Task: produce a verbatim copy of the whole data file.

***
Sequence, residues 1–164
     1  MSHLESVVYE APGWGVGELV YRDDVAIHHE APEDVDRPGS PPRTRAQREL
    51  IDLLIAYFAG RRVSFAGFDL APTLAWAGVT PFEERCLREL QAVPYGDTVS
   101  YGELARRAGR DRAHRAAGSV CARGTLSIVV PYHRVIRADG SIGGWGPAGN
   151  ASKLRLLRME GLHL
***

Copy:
Sequence, residues 1–164
     1  MSHLESVVYE APGWGVGELV YRDDVAIHHE APEDVDRPGS PPRTRAQREL
    51  IDLLIAYFAG RRVSFAGFDL APTLAWAGVT PFEERCLREL QAVPYGDTVS
   101  YGELARRAGR DRAHRAAGSV CARGTLSIVV PYHRVIRADG SIGGWGPAGN
   151  ASKLRLLRME GLHL